Complexity, Institutions and Public Policy

Complexity, Institutions and Public Policy

Agile Decision-Making in a Turbulent World

Graham Room

Graham Room argues that conventional approaches to the conceptualisation and measurement of social and economic change are unsatisfactory. As a result, researchers are ill-equipped to offer policy advice. This book offers a new analytical approach, combining complexity science and institutionalism.

Chapter 6: Institutional Dynamics

Graham Room

Subjects: economics and finance, institutional economics, innovation and technology, innovation policy, politics and public policy, public policy, social policy and sociology, comparative social policy, economics of social policy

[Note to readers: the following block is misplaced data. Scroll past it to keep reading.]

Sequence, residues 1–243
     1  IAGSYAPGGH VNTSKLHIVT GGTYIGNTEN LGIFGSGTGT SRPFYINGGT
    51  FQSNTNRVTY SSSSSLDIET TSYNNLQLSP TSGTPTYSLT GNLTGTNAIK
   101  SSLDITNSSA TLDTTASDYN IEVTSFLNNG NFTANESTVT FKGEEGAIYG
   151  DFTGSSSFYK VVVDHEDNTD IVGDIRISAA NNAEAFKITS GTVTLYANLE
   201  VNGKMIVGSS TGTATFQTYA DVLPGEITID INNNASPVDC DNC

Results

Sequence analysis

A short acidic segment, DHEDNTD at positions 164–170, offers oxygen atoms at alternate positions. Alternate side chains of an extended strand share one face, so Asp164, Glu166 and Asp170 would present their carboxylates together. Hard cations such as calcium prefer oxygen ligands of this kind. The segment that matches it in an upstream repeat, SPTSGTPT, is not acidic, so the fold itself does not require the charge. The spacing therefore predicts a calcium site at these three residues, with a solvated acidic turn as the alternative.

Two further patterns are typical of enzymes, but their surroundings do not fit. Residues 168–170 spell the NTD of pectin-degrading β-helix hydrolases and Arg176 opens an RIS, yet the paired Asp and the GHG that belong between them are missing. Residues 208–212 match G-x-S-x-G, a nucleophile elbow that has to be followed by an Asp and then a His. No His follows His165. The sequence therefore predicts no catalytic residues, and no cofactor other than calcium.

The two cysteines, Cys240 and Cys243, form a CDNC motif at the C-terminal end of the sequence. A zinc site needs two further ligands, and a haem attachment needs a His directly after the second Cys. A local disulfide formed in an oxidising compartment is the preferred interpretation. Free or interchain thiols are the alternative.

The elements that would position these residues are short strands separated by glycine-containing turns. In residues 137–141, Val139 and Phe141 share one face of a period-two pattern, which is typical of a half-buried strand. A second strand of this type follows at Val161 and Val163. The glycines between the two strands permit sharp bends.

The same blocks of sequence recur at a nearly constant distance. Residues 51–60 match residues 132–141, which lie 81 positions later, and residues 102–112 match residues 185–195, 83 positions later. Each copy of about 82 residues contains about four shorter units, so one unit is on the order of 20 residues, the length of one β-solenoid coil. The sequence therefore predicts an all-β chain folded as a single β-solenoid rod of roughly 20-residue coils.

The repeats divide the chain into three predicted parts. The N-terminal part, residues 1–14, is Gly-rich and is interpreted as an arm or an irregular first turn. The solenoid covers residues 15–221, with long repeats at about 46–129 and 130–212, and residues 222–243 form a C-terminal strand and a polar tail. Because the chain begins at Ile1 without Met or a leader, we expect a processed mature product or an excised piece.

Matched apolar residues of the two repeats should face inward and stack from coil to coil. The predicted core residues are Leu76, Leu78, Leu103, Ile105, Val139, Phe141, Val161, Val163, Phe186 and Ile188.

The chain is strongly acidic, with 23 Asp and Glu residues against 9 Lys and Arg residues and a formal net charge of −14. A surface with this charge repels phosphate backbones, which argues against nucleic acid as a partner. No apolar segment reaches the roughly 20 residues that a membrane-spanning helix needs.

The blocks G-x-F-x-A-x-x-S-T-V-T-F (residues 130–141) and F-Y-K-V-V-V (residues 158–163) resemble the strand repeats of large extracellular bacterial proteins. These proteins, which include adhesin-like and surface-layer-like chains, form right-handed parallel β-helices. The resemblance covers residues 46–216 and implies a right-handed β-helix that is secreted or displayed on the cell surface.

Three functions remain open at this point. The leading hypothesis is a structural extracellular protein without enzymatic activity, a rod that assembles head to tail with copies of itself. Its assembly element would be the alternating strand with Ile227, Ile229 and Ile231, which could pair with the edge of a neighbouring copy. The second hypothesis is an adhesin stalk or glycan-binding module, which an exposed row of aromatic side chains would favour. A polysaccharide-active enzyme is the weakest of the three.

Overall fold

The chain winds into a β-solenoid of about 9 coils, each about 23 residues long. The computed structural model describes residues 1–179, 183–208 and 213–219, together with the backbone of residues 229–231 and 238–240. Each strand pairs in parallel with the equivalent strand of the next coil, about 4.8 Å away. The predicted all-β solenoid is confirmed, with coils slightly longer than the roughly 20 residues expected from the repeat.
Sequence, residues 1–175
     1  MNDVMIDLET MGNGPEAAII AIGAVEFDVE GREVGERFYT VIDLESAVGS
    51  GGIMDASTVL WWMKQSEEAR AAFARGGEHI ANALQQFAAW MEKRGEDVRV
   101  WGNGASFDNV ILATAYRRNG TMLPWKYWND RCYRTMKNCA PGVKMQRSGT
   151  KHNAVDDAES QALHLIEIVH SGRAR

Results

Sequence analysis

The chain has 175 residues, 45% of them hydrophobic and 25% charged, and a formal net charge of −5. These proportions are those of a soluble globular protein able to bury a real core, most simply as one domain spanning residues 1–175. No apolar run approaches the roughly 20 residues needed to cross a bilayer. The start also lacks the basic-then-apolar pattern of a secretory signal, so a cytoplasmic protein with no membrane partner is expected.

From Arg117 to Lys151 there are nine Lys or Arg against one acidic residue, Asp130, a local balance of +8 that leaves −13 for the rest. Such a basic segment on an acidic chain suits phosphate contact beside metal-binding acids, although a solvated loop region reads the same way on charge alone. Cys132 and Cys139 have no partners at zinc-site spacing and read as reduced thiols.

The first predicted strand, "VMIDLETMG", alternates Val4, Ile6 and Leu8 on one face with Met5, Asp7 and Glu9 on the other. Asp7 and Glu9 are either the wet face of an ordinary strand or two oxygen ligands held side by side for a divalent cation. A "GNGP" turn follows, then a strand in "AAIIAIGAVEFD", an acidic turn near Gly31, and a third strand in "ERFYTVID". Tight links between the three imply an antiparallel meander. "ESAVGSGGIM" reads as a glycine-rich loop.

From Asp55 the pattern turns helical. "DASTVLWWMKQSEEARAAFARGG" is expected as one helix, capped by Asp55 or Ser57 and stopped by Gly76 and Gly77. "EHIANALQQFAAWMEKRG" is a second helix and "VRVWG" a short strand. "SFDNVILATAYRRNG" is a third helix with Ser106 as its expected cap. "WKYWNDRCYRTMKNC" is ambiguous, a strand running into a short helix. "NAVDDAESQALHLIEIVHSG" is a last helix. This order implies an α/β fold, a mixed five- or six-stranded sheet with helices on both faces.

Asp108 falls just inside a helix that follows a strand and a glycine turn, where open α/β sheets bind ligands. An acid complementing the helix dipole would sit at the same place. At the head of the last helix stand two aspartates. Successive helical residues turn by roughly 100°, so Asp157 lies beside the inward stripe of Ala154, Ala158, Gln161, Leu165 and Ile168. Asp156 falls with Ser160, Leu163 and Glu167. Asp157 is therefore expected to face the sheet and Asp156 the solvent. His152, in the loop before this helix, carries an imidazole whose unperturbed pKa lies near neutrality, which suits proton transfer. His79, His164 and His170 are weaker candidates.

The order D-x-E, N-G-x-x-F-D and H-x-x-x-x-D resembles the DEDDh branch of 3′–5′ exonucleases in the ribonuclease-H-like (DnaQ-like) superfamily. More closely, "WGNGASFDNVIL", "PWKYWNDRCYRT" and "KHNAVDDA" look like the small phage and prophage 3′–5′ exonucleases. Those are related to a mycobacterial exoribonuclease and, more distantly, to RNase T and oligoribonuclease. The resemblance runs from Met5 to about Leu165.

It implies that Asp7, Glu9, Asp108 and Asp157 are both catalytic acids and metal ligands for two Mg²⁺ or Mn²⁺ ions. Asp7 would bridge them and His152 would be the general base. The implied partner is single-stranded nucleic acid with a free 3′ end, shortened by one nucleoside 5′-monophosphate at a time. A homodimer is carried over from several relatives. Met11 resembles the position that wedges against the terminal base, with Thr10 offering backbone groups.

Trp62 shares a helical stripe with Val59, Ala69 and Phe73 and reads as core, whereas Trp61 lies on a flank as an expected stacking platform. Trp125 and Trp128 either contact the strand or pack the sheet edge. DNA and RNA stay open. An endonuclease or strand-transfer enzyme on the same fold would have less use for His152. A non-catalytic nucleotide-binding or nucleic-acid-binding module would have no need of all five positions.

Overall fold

6.1 INTRODUCTION The previous chapter examined the alternative institutional settings that operate on the various social terrains through which life chances, power and advantage are distributed. It considered how these are connected into complex institutional architectures, across which social actors pursue their purposes. These were the elements and connections in our combinatorial ontology of institutions. The present chapter is concerned with how these combinations evolve: the ‘micro-meso-macro’ or ‘deepen-widen-warp’ of institutional change. We draw heavily on the work of Thelen, Pierson and Fligstein. We start, however, with Crouch, who in his study Capitalist Diversity and Change (2005) develops an account of entrepreneurs that nicely complements that of Potts, but applied now to institutions. 6.2 INSTITUTIONAL ENTREPRENEURS In the previous chapter we saw that theorists have tried to make sense of the wide diversity of institutions to be found in human societies. We highlighted in particular the ‘mutual adjustment’ of markets, ‘hierarchical direction’ and ‘negotiated moral communities’. These are of course ideal types, abstracting from the messiness of the real world by reference to the theoretical debates that are underway. There is, however, always the danger that such ideal types will be too easily equated to empirical reality. If such an equation is made, suggesting that no intermediate cases exist and that there are strong pressures for societies to move towards one or other of these ‘poles’, this must be demonstrated and not merely assumed. Crouch challenges any such assumption. His principal target is the ‘varieties of capitalism’ literature and its...

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